It seemed to work quite well until Donald Trump came along and raised these issues. My own guess has been that he blundered into them unsuspectingly, being surprised by the strongly favorable reaction to his early speeches on them, but then making his support for these popular issues his Unique Selling Proposition among GOP candidates. One result was that he was elected U.S. president against tremendous odds. A secondary effect was that he raised the consciousness of the old America, which now rallied to defend its interests, values, and traditions — in a word, its identity. And a third effect was that it outraged and alarmed the beneficiaries of America’s transformation among minorities, feminists, gays, etc., and, still more, its sponsors and engineers among the elites who interpret any expressions of patriotism, nationalism, community pride, religious belief, or sexual discretion as first steps on the road to American fascism.

With this conflict between two versions of American identity now out in the open (and provoking riots in Berkeley and elsewhere), which vision will prevail? And which should?

Douthat is understandably uncertain as to whether there can be an agreed resolution at all. His final paragraph concedes this sadly:

Maybe no unifying story is really possible. Maybe the gap between a heroic founders-and-settlers narrative and the truth about what befell blacks and Indians and others cannot be adequately bridged.

Still, he judges that of the two possible resolutions, the Trumpian “particularist” and “restorationist” narrative of the old America is unlikely to prevail over the “universalist” narrative of a new America, rooted as it is in the civil-rights revolution, the “propositionalist” concept of nationhood, and the recent realities of mass immigration. Take a closer look at both visions, however, and the picture looks much messier.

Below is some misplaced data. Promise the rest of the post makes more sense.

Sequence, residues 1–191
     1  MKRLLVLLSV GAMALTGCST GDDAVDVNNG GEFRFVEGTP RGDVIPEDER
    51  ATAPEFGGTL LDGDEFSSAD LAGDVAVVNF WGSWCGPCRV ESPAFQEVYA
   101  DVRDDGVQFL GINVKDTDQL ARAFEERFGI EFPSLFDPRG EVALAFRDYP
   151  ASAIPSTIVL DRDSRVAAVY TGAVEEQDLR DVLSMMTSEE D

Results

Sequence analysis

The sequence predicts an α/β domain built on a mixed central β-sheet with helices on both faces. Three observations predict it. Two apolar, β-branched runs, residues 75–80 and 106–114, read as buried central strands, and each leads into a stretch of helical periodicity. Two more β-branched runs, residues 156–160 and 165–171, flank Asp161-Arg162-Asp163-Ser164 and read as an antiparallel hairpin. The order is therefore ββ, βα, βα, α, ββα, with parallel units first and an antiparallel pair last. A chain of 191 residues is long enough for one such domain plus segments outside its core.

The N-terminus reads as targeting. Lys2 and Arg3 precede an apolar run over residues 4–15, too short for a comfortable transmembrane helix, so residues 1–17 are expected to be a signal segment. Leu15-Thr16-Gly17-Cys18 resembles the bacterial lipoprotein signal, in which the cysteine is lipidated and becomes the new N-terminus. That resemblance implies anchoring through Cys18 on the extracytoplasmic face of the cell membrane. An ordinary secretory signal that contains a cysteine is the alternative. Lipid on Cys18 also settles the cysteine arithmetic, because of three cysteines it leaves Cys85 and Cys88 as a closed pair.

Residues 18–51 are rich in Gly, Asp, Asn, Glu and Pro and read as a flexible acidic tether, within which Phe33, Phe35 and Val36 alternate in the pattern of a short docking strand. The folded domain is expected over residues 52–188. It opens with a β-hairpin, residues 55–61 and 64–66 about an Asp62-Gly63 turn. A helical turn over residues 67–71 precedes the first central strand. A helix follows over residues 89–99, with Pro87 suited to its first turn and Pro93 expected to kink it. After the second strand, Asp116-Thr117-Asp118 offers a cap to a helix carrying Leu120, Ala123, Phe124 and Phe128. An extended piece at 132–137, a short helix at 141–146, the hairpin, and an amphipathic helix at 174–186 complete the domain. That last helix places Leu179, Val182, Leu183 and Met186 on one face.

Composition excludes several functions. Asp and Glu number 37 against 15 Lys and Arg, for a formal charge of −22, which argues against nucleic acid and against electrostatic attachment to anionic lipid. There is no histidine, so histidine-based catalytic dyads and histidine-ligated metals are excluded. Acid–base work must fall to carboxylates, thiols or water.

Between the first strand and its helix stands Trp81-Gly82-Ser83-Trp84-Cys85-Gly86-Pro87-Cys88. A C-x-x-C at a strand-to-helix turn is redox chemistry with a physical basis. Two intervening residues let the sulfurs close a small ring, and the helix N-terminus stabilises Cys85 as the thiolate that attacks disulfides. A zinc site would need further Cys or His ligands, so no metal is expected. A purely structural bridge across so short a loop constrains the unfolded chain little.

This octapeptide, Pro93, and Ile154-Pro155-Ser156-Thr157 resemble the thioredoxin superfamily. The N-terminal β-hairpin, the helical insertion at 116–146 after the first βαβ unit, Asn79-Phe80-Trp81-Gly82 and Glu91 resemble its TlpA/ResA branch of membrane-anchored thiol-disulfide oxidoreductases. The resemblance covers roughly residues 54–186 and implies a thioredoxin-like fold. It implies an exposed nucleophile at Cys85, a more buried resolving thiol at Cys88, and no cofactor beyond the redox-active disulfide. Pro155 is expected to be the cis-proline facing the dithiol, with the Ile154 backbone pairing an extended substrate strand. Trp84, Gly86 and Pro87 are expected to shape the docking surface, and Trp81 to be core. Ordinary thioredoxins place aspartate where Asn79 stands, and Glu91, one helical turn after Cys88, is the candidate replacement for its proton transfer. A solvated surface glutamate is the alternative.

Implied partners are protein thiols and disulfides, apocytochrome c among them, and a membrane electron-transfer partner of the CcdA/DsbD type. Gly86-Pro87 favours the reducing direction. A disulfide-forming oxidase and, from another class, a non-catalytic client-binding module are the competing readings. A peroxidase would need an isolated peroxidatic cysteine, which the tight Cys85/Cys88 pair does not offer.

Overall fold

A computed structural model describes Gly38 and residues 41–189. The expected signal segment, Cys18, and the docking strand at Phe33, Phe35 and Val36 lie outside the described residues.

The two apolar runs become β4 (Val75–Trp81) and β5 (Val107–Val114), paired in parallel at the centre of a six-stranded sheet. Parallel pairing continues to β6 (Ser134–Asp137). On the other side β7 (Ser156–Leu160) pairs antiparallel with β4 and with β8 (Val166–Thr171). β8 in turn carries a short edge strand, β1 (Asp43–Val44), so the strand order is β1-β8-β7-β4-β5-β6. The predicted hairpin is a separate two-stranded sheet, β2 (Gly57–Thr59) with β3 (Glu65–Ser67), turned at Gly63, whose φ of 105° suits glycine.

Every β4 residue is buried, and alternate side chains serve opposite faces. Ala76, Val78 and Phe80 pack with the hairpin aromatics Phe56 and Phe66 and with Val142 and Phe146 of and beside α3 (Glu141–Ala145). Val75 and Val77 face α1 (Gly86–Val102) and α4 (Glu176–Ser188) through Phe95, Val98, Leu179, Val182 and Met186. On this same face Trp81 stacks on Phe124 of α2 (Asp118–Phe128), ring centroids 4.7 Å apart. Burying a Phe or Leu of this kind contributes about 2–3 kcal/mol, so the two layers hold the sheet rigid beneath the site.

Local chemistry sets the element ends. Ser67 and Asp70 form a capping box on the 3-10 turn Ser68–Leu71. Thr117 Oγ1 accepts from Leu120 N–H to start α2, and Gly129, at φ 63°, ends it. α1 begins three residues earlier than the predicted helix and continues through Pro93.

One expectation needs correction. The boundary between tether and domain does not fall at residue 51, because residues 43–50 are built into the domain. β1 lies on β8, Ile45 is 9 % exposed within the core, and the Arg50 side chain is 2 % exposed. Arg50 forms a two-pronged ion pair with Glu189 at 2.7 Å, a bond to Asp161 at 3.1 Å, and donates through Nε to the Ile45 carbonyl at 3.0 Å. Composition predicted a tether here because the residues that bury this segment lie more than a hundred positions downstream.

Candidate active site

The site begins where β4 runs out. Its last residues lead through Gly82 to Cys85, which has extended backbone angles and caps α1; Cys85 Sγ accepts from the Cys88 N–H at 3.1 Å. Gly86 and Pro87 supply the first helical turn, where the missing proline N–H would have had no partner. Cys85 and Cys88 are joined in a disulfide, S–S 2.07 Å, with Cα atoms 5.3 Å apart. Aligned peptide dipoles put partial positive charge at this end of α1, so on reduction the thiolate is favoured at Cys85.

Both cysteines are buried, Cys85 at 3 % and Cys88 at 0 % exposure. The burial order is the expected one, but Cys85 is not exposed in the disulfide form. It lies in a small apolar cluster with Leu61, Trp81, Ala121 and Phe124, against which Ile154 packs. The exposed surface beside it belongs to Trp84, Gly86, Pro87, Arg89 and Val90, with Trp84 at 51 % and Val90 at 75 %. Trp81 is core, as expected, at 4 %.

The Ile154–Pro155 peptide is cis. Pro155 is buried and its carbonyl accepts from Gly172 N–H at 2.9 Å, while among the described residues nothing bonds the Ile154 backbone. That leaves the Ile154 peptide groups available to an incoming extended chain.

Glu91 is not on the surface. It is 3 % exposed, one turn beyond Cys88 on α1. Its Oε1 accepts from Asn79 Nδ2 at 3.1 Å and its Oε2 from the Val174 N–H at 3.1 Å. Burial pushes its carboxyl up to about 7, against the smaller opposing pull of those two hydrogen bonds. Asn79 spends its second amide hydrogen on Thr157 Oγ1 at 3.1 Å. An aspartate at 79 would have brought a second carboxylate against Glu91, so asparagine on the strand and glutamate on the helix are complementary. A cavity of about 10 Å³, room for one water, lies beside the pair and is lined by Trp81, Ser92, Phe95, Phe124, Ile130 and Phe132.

The universalist vision of new America is weakened by flaws that its dominance of America’s cultural institutions concealed until the election. Its roots in American history before the 1960s are unrelievedly negative, for instance, and it has not dominated the main currents of history since then. It is steadily removing earlier American heroes from their pedestals, but it can boast only one certified American hero in its own pantheon, namely Martin Luther King Jr.

Whites, Hispanics, and Asians all rightly admire King, but the only group of Americans for whom he is a hero on the scale of Lincoln is black America. He is probably not up to the task of sustaining an entire national identity on his shoulders alone. Barack Obama might have provided a second hero for this new America — one appealing powerfully to a rainbow coalition that included whites — but he governed as a sectional and partisan leader who largely failed as president. His personal charisma, which explains his enduring popularity, will inevitably fade as he grows older and departs the scene. That’s our tragedy as well as his.